Sarah Evans, a fourth-year York University film major, had arranged to shoot portions of her short comedy at Stand ‘N Tan on Fairview Drive with the permission of salon owner Michelle O’Brien. A profile of the budding filmmaker and her project was featured in Thursday’s Expositor.
However, film plans were scrapped by mutual agreement after O’Brien received a flurry of angry and concerned telephone calls from other local tanning operators and even from the BC-based Joint Canadian Tanning Association. Evans was taken aback by the backlash. "This was blown way out of proportion," she said. The film "is a fantasy. It would never happen. People took it in a negative way." Evans said she did not want her project to put anyone’s business in jeopardy and she was scrambling late Thursday to find another venue to shoot her film.
You can always get what you want
When Meenu Chhabra (MBA ’01) needs to get something done, she turns on the charm, wrote The Globe and Mail Nov. 16. "I look at who the key opinion makers are, and focus my attention on who I need to win over," she says. Then she hits them with a message that will resonate with their personal interests. And they’re usually hooked.
It’s an approach that is far different from the one she was taught, and used, when she started out as a manager in biotechnology organizations after graduating with an MBA from York’s Schulich School of Business. But once she latched onto it, she used it to propel her career exactly where she wanted it to go. And at just 32, Chhabra, a Canadian, was last month named president and chief executive officer of biotechnology company Allozyne Inc. in Seattle.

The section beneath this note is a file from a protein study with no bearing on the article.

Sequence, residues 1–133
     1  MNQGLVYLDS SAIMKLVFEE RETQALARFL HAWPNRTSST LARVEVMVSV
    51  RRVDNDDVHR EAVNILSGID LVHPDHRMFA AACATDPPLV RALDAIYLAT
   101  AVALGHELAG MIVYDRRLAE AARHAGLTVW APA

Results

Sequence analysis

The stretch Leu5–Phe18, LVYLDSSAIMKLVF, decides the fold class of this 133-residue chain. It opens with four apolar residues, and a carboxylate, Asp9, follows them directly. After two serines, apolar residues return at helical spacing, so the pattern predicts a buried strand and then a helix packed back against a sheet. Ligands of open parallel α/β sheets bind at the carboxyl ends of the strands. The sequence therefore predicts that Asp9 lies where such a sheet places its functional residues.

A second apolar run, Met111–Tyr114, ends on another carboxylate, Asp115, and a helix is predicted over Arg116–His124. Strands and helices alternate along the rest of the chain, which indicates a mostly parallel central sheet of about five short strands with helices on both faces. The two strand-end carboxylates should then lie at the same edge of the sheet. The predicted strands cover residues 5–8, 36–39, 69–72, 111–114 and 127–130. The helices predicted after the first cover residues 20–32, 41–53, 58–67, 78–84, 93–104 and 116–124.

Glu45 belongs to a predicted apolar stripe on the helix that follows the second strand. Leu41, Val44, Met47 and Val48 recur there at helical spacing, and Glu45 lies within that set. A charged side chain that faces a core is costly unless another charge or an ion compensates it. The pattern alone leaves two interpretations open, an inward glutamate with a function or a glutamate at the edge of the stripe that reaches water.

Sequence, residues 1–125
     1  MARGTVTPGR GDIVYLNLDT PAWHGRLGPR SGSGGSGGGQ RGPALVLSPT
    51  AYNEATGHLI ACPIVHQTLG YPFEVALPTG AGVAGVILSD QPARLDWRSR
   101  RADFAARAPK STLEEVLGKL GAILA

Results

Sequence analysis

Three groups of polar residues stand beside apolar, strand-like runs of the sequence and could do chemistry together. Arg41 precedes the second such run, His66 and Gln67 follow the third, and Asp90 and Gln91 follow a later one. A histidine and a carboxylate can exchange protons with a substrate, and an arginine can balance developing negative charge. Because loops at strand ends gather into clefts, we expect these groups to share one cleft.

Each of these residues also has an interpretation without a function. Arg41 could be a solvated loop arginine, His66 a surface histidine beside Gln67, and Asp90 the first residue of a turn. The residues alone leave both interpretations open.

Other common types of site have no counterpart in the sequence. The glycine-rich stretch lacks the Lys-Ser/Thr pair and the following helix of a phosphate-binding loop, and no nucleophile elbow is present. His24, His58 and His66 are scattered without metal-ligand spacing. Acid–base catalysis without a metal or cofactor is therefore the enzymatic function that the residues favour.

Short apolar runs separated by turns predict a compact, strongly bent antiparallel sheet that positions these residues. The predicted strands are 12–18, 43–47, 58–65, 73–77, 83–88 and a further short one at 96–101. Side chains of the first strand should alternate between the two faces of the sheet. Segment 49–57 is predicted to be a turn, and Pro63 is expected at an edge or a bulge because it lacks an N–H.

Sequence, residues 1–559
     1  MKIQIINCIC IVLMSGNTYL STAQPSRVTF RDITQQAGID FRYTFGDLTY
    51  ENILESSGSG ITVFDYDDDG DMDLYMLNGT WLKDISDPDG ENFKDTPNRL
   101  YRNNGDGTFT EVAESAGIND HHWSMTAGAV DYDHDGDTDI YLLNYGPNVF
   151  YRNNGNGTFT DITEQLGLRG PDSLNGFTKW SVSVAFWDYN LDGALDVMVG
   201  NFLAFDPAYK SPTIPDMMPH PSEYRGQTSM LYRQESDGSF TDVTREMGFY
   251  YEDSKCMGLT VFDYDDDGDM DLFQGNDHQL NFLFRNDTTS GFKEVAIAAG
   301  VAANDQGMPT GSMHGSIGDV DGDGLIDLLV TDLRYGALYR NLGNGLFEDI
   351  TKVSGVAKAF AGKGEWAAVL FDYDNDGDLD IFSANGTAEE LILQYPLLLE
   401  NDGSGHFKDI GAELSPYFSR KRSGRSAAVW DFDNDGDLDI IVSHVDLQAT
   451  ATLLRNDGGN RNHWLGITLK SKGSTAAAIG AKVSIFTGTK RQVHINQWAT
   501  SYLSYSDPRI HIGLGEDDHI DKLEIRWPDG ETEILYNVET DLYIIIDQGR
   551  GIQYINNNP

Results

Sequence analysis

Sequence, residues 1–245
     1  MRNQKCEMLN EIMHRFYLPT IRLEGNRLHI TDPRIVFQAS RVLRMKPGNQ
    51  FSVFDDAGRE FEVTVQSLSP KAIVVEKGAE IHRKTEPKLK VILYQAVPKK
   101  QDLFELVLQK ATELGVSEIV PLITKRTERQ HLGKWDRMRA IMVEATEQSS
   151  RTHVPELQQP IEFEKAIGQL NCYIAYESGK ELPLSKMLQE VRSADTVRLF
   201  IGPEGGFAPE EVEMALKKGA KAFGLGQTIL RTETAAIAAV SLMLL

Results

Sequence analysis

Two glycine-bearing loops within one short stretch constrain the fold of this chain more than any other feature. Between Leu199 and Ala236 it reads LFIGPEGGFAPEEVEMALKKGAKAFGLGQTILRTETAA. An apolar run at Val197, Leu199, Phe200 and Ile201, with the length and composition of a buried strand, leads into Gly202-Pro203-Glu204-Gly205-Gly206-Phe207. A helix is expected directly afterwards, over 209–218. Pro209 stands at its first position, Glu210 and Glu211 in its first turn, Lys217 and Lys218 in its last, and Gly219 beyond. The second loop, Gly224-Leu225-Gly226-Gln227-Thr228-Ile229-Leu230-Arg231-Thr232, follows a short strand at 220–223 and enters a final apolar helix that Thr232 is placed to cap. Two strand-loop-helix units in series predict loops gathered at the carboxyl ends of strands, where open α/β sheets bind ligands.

Court decision could aid oppressive police tactics, says Osgoode professor
In the 5-4 decision announced this month, the court ruled that people detained by police do not have the right to silence, wrote the Red Deer Advocate in an editorial circulated by The Canadian Press Nov. 15. Sure, they can keep their lips sealed, but police are now allowed to badger them over and over until they agree to make a statement.
James Stribopoulos, a professor at York’s Osgoode Hall Law School, says the decision gives law-enforcement officials no disincentive at all from overreaching and engaging in potentially oppressive tactics.
Greens get ready for next election
The Nipissing-Timiskaming Green Party riding association is holding a candidate nomination meeting tonight at Evelyn’s Urban Cafe at 7pm, but it’s more of a formality than anything else, wrote the North Bay Nugget Nov. 16. To date, only North Bay native Craig Bridges (MES ’00) has stepped forward as a possible candidate.
Bridges, 40, was born in North Bay and lives on Lakeshore Drive with his wife and two children. He is now the education co-ordinator for Greening Nipissing as well as a supply teacher for the Near North District School Board.
Capers’ 2005 national title also came at York’s expense
I congratulate the Cape Breton University (CBU) women’s soccer team on winning the Canadian university title in New Waterford, NB, over York University in the final on Sunday [Nov. 11], wrote Brian McPhee in a letter to the Cape Breton Post Nov. 16. The championship is well deserved. However, I’m writing to remind everybody that just over two years ago, in October 2005, the CBU men’s baseball team won the Canadian university title. Coincidentally, they also defeated York (1-0 in a thrilling final), as well as teams from a few other large universities, en route to their championship.
Lights, cameras, action!